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The facts about crowdfunding for your business

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Crowdfunding through online portals (crowdfunding platforms) is an increasingly popular method of raising money for new businesses and organisations to finance their activities. Crowdfunding can take different forms but generally falls into four categories: rewards-based; donation-based; loan-based (also known as peer to peer lending “P2P”) and investment-based. Those thinking about using a crowdfunding platform to raise funds or to make an investment have a number of things to consider from risk to regulations to tax issues.

Crowdfunding regulations

In the UK, the activities of loan-based and investment-based crowdfunding are regulated by the Financial Conduct Authority (FCA) under the Financial Services and Markets Act 2000 (FSMA) and the Financial Services and Markets Act 2000 (Regulated Activities) Order (SI 2001/544).  Rewards based (in return for goods, services or “perks”) and donation based (no expectation of return) are usually exempt from the regulatory regime.

Regulation of loan-based and investment-based crowdfunding includes requirements relating to knowing your client checks; restrictions on investors; disclosure; investment limits and professional requirements. It has to be supervised by an “authorised person” who is authorised by the FCA.

Issuing share through crowdfunding

Companies need to consider various things when seeking to issue shares through an investment-based crowdfunding platform. These include Companies Act restrictions; class of shares to be issued and Prospectus Directive (2003/71/EU) restrictions. A company wanting to raise funds will need to prepare a prospectus, which will likely constitute a direct offer financial promotion under section 21 of FSMA and will need to be approved by an authorised person before it can be released. The prospectus must be very carefully prepared so it is completely accurate and not misleading as both the company and its directors are responsible for it under financial services regulations.

Companies and investors must also be aware of the tax issues when looking to issue or acquire shares through an investment-based crowdfunding platform or dealing with P2P loans. Income and capital gains arising on shares acquired will be taxed in the same way as those arising on other shares.  Dividends received by individuals are taxed as income.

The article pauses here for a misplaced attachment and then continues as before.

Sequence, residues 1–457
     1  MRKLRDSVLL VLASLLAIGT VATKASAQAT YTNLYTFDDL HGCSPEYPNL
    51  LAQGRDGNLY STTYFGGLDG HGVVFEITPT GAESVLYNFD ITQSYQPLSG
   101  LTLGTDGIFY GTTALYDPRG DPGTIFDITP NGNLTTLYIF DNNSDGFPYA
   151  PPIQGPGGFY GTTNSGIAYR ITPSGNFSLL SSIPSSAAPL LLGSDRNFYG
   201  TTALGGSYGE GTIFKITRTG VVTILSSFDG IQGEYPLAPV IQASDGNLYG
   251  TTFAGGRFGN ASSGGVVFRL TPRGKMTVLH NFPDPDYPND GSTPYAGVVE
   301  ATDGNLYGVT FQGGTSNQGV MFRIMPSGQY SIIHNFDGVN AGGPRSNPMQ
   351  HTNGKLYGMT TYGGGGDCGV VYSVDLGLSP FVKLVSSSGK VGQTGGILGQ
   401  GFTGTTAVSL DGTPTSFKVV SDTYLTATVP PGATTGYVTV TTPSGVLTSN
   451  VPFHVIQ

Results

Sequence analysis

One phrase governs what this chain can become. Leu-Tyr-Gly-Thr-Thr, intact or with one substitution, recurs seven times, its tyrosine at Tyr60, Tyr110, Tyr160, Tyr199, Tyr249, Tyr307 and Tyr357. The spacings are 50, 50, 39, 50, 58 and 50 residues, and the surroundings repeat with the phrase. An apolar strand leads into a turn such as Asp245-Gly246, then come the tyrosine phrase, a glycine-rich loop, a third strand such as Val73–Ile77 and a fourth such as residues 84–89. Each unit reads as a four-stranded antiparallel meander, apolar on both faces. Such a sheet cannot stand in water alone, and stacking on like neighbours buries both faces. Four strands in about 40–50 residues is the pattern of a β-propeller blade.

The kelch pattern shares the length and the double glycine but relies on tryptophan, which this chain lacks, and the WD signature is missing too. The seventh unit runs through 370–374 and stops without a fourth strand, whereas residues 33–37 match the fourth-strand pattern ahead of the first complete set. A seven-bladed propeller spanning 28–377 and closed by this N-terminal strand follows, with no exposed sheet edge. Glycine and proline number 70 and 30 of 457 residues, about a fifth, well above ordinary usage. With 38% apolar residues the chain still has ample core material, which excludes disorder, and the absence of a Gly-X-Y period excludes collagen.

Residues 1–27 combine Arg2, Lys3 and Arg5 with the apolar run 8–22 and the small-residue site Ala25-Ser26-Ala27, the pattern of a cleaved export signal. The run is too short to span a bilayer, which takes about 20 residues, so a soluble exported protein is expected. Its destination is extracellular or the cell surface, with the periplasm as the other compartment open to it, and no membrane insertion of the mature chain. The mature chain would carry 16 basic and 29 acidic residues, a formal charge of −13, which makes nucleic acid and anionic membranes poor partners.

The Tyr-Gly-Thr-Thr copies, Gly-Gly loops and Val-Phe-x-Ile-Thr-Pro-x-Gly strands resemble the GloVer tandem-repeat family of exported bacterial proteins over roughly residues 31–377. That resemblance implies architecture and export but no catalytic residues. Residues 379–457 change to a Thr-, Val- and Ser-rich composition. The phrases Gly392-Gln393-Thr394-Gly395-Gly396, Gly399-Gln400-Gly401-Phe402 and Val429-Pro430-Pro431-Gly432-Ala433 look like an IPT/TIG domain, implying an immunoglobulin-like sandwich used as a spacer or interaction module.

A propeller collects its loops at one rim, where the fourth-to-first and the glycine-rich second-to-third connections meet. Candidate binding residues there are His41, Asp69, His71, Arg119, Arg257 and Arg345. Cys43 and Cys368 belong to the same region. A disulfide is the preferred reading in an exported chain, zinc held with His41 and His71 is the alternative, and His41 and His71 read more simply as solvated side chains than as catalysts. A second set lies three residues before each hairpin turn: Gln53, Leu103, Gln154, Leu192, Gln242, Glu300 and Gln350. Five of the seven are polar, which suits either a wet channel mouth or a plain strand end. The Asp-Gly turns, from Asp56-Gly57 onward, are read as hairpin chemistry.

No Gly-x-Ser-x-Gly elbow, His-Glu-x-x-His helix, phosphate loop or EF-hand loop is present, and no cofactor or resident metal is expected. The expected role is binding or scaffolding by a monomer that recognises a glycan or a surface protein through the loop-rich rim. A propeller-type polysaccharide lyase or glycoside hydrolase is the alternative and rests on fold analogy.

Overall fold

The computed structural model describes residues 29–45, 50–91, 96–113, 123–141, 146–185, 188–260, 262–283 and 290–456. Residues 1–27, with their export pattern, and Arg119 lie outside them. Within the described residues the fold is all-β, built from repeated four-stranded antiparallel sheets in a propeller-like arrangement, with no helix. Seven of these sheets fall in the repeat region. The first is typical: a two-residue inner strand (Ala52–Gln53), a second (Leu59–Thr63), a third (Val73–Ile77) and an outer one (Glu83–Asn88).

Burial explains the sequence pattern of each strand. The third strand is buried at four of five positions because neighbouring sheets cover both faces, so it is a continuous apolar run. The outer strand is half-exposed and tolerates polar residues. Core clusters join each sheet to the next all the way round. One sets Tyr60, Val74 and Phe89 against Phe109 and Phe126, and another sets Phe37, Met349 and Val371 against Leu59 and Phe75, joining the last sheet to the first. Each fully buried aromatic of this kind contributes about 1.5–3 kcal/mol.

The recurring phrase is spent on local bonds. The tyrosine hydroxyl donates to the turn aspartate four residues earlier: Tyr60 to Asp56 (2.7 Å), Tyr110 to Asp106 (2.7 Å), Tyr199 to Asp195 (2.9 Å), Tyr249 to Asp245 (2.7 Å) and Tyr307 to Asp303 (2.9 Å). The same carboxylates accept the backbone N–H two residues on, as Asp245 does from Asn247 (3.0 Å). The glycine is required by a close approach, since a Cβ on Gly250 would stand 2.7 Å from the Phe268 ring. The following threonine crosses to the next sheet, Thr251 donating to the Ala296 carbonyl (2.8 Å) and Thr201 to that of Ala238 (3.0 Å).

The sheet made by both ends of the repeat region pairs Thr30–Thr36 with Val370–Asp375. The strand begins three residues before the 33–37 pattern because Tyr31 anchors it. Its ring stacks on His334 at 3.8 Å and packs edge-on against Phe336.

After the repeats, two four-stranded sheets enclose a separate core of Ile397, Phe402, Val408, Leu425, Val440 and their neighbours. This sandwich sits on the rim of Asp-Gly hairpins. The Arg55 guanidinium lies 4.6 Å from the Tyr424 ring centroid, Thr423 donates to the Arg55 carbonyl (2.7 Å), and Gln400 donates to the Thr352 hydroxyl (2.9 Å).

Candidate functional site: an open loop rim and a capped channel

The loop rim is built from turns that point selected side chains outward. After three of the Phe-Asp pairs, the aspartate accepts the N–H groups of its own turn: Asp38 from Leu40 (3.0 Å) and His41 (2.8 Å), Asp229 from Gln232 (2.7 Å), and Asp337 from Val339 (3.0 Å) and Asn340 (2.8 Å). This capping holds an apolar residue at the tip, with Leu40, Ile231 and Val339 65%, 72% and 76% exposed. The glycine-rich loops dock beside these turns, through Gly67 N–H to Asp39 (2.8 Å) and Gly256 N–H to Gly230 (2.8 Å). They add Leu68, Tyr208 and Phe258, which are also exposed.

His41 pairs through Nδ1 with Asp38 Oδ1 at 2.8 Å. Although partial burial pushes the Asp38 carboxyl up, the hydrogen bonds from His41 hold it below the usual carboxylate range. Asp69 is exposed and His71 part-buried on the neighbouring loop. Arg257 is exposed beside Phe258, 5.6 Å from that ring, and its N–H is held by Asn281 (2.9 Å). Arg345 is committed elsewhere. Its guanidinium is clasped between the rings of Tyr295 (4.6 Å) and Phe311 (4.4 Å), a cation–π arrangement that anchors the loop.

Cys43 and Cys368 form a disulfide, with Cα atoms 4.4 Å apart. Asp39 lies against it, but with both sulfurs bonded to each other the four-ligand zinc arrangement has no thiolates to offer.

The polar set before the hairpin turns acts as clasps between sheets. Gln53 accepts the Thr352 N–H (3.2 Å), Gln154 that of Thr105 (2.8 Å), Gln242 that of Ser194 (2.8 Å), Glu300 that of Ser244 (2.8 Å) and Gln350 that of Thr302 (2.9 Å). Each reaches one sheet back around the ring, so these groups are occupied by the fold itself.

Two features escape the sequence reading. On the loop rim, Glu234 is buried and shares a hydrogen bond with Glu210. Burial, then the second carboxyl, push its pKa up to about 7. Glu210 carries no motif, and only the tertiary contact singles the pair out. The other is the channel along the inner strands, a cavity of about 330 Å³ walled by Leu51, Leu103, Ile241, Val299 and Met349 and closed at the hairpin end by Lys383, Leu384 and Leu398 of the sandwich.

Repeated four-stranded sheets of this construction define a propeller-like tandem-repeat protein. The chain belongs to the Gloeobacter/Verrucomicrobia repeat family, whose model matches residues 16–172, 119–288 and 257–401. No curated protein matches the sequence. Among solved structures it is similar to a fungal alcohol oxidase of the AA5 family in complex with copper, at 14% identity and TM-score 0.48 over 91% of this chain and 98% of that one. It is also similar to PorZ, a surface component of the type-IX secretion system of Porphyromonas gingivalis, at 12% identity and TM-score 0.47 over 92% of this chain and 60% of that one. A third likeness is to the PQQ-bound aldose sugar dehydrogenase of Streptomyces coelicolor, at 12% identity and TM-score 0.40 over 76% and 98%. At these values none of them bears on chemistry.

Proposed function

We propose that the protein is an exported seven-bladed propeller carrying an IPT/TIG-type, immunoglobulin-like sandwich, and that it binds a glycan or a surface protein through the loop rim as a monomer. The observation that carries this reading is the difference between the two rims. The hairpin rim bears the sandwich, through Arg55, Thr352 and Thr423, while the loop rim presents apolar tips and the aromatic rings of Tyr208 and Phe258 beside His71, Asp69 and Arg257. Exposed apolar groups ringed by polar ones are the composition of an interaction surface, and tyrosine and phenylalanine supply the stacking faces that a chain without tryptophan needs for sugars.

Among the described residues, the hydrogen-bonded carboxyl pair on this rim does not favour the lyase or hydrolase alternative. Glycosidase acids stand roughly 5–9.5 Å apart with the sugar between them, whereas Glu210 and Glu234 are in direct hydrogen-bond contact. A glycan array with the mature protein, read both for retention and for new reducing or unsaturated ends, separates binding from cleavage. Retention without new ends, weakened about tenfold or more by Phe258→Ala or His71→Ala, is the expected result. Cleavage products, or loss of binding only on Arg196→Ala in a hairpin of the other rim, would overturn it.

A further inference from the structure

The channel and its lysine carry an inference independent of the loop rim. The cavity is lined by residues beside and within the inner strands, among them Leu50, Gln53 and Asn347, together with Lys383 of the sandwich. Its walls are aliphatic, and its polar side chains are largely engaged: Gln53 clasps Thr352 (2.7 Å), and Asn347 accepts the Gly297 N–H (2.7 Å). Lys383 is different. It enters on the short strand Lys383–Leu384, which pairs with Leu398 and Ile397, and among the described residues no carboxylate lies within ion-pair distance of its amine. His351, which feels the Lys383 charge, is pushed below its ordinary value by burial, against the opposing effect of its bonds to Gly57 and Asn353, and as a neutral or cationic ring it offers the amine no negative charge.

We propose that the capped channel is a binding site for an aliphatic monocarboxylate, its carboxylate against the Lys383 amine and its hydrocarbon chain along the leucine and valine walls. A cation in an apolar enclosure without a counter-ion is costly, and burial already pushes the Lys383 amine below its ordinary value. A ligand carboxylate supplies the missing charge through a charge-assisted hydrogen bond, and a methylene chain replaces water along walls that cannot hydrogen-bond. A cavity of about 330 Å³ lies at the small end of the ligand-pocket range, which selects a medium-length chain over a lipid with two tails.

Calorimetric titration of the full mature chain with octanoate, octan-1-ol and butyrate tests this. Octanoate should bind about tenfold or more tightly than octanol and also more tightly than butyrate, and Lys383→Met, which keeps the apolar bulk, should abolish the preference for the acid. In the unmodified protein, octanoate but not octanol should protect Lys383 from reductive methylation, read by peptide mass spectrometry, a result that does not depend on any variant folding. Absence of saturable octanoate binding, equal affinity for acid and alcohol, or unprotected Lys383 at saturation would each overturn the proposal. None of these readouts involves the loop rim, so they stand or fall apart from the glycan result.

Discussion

There are various tax reliefs available to companies and investors including the Enterprise Investment Scheme; which is designed to help smaller higher-risk companies raise finance by offering tax relief on new shares in those companies that qualify. For the investor, it’s a tax efficient way to invest in small companies. The Seed Enterprise Investment Scheme (“SEIS”) is a generous derivative of the Enterprise Investment Scheme (EIS) and was introduced in April 2012. Its aim is to encourage seed investment in early stage companies. Investors, including directors, can receive initial tax relief of 50% on investments up to £100,000 and Capital Gains Tax (CGT) exemption for any gains on the SEIS shares.

The risks of business crowdfunding

There are risks involved in crowdfunding including risks associated with the platforms themselves. These can include security of investor data, cyber attacks, fraud and even mal-practice.  

For investors the risks are obvious: the businesses tend to be early stage with that obvious risk; there is the risk of dilution by subsequent funding rounds and there is generally no market for their shares until the business is sold, although some crowdfunding platforms have a bulletin board of the investments promoted by the platform to allow investors to offer securities for secondary sale.

Companies raising money through a crowdfunding platform can find it a useful marketing tool: it can help raise awareness of a product or business through a network of investors and others accessing the platform. It can also act as an introduction to other sources of finance including angel networks or other private funds.

Those investing through crowdfunding tend to invest less and in the full knowledge that they may lose their investment. This can make it easier for businesses with a high risk profile to raise capital.

For more information about how using crowdfunding for your business, contact the Commercial team on 02380 717717.  Alternatively you can visit their section of the website here.


This is for information purposes only and is no substitute for, and should not be interpreted as, legal advice.